Key takeaways from ICML 2019
Tackling climate change challenges with AI through collaboration by Andrew Ng
Continuing our article series on the 2019 International Conference on Machine Learning in June, I’ll dive into my thoughts on the presentation titled Tackling climate change challenges with AI through collaboration by Andrew Ng. I highlight Andrew Ng’s talk not just because he is one of the most well-known names in machine learning, but because his talk was one of the best all week and his topic was on something that overlaps with my previous professional career an Atmospheric Scientist.
Rather than focusing on a single application of machine learning, Ng gave short summaries of his research projects that address different aspects of climate change. I will go over 3 of them below.
Project #1 – Predictions of methane gas emissions from wetlands
The first project he discussed aims to make predictions of methane gas emissions from wetlands. Methane is one of the strongest greenhouse gases in our atmosphere; stronger than carbon dioxide, though less abundant. Methane has many sources that include both natural and anthropogenic, and understanding these sources is key to better understanding its role on Earth’s energy budget and global temperature.
Wetlands are one of the major natural sources of methane to the atmosphere, but monitoring this flux can be difficult. Currently, there are only a handful of monitoring stations (I think they said ~150) around the globe. These monitoring stations also track local conditions (e.g., temperature, wind, humidity, etc.). Ng and his colleagues built a machine learning model (random forest) that is trained on the limited data at a 30-minute resolution to predict methane fluxes. They in turn can make predictions over wetland areas where there is no methane monitoring (using local meteorological conditions as predictors).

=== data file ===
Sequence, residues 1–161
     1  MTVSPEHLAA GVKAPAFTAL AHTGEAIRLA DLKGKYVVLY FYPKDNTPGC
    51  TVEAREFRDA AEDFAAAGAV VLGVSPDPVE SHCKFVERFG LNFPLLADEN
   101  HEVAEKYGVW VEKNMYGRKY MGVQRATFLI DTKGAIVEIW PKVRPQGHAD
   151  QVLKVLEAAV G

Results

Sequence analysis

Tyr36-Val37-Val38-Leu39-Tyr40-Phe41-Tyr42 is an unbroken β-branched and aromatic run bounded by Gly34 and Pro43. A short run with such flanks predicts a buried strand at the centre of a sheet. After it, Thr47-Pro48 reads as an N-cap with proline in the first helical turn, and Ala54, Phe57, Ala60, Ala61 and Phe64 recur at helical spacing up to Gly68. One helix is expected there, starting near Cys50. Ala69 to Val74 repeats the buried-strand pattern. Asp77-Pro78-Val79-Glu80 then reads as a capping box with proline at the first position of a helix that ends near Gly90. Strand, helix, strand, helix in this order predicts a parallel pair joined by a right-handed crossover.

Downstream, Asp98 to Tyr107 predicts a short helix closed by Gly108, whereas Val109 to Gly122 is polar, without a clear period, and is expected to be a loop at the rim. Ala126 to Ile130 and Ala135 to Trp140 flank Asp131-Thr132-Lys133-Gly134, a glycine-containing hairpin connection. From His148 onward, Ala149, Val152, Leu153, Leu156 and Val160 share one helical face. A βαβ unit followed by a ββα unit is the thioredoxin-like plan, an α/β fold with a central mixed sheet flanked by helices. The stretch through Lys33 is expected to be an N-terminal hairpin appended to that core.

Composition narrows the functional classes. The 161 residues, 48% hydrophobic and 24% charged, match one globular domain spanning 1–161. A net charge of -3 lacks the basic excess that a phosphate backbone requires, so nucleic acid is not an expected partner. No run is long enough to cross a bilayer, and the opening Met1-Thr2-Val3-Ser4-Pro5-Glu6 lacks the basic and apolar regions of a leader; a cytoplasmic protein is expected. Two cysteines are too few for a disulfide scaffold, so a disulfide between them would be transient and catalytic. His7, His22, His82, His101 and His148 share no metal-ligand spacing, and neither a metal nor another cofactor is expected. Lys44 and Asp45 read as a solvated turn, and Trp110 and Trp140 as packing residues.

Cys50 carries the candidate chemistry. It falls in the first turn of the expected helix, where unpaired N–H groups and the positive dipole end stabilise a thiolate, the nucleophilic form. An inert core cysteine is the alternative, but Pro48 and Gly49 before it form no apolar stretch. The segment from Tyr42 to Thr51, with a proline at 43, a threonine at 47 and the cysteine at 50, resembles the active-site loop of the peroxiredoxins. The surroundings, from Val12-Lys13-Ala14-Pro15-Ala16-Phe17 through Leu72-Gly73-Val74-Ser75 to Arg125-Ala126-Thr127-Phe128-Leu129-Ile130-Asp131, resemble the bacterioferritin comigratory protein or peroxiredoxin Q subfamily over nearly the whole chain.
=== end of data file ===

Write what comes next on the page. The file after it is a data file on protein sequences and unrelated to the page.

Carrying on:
Project #2 – Renewable energy and identifying the location of wind turbines
The second project that was presented looked at renewable energy, and identifying the location of wind turbines. They used a dataset of known wind turbine locations and trained a neural network on visible satellite images with the correct turbine locations. The model was trained on 100k images (with 50k positives from a USGS dataset).
Wind turbine detection was then conducted on 1.8M images. They used this model to uncover recently constructed wind turbines and detect when wind turbines no longer exist. They even found certain locations where the USGS dataset identified a turbine, but there wasn’t one. This particular project and its methodology could be useful when analyzing images from planet.com. For example, the same type of method could be used to detect features that pose harm to the environment (e.g., natural gas mines or oil rigs).
Ng also discussed his work to improve climate models by obtaining better parameterization for certain model components. “Model parameterization” is often used in global climate models to estimate certain processes that can’t be resolved with state-of-the-art climate models that typically have a coarse spatial resolution (e.g., the model can’t resolve the physics that go on within clouds, so they need a way to simplify the system). Ng didn’t go into too much detail about this, but he mentioned how he helped improve the parameterization of moist convection within atmospheric models (i.e., cloud microphysics). This is a component that has, for a long time, been difficult to model and is a very important process to accurately predict within climate models as it controls precipitation and cloud cover within the low latitudes; both of which have large impacts on Earth’s energy budget (i.e., global temperatures).